Exclusion amid Inclusion: Power-Sharing and Non-Dominant Minorities

Lead Research Organisation: Queen's University of Belfast
Department Name: Sch of Hist, Anthrop, Philos & Politics


In 2009 the European Court of Human Rights ruled 14-3 that Bosnia-Herzegovina's election rules for its tripartite presidency, which allow only Bosniaks, Bosnian Croats, and Bosnian Serbs to stand for election, were discriminatory against other minority groups, namely the Roma and Jewish communities. This is because Bosnia's constitutional framework, alongside the presidential arrangement, is designed to accommodate and include the three constituent peoples but not members who prefer not to identify in terms of three ethnic groups. While this was thought necessary to end the 1992-5 war (Weller and Wolff 2005), it has forestalled the consolidation of democracy and has marginalised individuals and groups who do not identify with the three dominant communities. As Jakob Finci, the leader of Bosnia's Jewish community who took the case to the ECHR, noted in response to the ruling, Bosnia's institutional rules are "a problem of injustice that divides Bosnian people into first and second class citizens" (Balkanist 2015).
Power-sharing, which entails the representation and participation of major societal (ethnic) actors in the process of governing, has been adopted in places as diverse as Burundi, Lebanon, Kosovo, Macedonia, Northern Ireland, Bosnia-Herzegovina, and Iraq and has facilitated a war-to-peace transition in some of the world's most deeply divided places. However, while power-sharing is often heralded as a democratic and inclusive approach to managing ethnic difference, it faces a significant trade-off. For power-sharing to create stability and pacify the divided groups, it must marginalise those actors who were not directly involved in conflict, who we refer to as non-dominant groups. As part of this project, we identify three kinds of non-dominant groups who were neglected in the original design of power-sharing institutions and remain on the sidelines of postconflict politics: non-ethnic minorities, re-aligned minorities, and micro-minorities.
We refer to this institutional bias in favour of large groups as the "exclusion amid inclusion" (EAI) dilemma. We seek to answer the following research question: How can power-sharing arrangements best be implemented to account for the EAI problem? This research project is designed to confront the EAI dilemma and offer feasible and viable recommendations for its resolution.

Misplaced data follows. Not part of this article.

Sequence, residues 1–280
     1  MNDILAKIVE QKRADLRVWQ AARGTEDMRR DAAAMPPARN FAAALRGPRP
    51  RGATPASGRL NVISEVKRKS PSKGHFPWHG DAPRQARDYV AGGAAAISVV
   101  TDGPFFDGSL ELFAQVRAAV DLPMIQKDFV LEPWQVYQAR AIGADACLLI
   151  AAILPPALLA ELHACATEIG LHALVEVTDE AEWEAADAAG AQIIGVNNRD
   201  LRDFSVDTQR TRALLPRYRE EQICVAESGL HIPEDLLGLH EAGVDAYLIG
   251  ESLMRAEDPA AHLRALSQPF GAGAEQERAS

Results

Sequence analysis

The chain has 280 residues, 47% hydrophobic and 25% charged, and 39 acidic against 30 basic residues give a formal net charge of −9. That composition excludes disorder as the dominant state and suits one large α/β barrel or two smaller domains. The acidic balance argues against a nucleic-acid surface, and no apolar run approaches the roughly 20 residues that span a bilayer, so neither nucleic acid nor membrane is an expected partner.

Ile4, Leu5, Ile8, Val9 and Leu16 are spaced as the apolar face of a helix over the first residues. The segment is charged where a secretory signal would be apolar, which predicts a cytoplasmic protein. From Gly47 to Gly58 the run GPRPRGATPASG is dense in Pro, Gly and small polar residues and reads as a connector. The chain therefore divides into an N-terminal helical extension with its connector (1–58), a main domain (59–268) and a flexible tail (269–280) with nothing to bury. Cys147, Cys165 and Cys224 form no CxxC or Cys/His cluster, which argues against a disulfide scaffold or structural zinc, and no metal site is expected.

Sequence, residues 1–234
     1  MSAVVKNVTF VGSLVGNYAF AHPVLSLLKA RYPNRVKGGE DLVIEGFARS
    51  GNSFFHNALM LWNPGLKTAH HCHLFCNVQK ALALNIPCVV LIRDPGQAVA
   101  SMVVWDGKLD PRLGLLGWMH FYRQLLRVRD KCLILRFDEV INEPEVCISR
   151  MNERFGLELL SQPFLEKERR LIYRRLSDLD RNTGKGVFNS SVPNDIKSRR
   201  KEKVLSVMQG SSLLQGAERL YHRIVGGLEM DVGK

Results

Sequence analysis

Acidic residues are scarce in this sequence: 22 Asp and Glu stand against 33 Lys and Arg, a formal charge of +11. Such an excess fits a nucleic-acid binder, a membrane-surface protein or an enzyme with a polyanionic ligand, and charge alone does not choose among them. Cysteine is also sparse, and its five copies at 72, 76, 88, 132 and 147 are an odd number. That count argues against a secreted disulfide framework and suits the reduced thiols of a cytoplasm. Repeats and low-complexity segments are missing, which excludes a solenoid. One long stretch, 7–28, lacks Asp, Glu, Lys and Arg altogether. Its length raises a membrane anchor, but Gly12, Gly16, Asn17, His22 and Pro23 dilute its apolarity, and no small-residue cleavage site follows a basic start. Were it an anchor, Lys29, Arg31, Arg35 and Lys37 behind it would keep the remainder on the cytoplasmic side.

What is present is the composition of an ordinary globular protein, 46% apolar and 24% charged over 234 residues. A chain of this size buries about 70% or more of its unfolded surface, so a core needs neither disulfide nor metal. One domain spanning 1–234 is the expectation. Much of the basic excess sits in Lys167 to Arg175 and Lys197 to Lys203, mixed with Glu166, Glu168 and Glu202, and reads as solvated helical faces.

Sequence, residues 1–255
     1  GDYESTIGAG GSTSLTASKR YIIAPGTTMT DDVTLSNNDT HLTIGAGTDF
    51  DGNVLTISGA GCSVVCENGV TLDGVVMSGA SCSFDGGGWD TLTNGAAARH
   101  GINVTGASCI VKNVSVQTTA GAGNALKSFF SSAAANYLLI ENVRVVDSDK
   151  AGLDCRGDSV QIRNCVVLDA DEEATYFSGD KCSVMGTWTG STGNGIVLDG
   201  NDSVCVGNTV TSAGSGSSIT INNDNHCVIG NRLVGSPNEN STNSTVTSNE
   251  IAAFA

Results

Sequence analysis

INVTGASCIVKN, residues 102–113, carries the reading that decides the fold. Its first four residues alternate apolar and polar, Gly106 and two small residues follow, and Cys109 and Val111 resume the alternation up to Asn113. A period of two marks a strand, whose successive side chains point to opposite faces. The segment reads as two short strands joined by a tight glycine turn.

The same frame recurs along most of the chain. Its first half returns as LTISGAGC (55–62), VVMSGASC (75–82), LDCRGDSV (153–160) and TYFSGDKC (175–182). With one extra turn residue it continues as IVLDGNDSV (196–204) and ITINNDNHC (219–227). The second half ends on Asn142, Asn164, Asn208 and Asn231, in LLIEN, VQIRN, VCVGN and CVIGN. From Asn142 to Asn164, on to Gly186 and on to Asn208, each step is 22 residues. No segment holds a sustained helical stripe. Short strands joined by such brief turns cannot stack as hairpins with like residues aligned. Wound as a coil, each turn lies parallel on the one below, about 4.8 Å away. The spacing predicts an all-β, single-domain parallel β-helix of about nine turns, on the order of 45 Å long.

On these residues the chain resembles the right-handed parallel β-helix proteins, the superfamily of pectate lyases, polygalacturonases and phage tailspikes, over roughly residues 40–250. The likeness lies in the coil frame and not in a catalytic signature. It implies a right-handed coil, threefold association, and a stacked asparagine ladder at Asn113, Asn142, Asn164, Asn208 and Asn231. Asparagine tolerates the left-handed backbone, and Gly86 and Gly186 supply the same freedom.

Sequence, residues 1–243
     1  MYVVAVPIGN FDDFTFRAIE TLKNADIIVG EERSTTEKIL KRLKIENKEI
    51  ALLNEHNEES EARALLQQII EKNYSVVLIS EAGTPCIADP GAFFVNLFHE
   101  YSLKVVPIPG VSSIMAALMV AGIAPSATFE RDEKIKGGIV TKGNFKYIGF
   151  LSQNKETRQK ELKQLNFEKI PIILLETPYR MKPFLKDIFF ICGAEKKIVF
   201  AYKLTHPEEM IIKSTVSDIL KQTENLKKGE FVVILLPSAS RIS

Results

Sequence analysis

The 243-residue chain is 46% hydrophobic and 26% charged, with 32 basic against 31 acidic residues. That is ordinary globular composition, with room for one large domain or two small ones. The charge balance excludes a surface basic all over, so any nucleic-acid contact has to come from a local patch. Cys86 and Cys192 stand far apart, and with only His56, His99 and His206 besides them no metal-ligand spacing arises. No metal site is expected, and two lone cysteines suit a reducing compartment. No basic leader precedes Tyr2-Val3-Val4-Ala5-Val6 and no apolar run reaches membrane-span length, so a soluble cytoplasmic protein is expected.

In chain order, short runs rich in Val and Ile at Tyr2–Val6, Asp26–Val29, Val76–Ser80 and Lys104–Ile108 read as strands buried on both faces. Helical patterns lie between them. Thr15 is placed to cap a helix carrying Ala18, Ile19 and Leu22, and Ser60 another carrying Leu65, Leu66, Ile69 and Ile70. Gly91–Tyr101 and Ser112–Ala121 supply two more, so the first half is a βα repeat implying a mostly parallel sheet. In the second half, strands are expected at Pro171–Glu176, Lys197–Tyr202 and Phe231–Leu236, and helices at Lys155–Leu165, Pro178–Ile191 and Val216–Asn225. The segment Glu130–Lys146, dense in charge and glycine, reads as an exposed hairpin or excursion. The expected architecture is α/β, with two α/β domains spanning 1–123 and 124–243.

We seek to answer the following research question: How can power-sharing arrangements best be implemented to account for the EAI problem? We answer this question through a threefold methodological approach. We shall conduct 1) a macro-political analysis of power-sharing institutions to assess their ability to redress the EAI dilemma, 2) four comparative case studies (Northern Ireland, Bosnia-Herzegovina, Lebanon and Macedonia) investigating the relationship between the inclusion of dominant groups and the exclusion of non-dominant groups, employing a "structured, focused" method of comparison (George and Bennett 2005), and 3) semi-structured interviews with politicians from parties that participate in power-sharing and from parties that struggle for legislative representation, community activists from the three kinds of non-dominant groups identified, and representatives of international organisations engaged in democracy promotion and conflict resolution.
Overall, we assess the experiences of states engaged in power-sharing in order to develop a series of policy proposals for modifying the institutional framework to accommodate identity groups that have either been marginalised under the initial institutional design, or who have emerged during the period of peace. This is of timely relevance: our conceptual framework can be extended to societies beyond our comparative cases where peace is marred by episodic violence, frozen conflict, and/or active violent conflict between the dominant groups, but also affecting the non-dominant groups.